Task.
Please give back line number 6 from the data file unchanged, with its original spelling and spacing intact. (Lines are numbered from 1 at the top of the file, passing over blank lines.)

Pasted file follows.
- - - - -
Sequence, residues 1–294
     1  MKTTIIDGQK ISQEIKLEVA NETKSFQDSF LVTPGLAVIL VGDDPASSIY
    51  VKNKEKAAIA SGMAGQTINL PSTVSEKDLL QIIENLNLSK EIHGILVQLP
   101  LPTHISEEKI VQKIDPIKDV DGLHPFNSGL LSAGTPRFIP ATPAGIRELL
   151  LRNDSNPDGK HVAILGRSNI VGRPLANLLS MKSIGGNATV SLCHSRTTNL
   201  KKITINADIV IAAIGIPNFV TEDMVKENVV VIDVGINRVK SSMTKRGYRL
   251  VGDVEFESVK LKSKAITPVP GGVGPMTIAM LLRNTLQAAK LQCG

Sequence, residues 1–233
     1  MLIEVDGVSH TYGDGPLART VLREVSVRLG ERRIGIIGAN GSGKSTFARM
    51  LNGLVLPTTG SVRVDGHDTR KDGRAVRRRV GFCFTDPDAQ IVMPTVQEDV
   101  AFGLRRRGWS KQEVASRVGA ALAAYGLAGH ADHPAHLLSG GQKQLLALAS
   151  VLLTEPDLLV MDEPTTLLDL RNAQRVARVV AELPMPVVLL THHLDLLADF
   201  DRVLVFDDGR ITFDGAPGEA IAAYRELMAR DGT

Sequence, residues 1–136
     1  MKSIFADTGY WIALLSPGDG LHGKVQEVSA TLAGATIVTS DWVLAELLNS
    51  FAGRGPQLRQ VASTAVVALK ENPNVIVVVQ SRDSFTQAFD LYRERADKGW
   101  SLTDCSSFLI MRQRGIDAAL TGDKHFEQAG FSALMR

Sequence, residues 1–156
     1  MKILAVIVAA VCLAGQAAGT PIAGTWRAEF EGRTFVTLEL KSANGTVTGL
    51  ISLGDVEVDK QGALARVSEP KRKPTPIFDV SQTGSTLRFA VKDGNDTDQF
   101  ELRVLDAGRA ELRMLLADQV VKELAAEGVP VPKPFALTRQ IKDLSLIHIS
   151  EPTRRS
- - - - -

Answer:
   201  KKITINADIV IAAIGIPNFV TEDMVKENVV VIDVGINRVK SSMTKRGYRL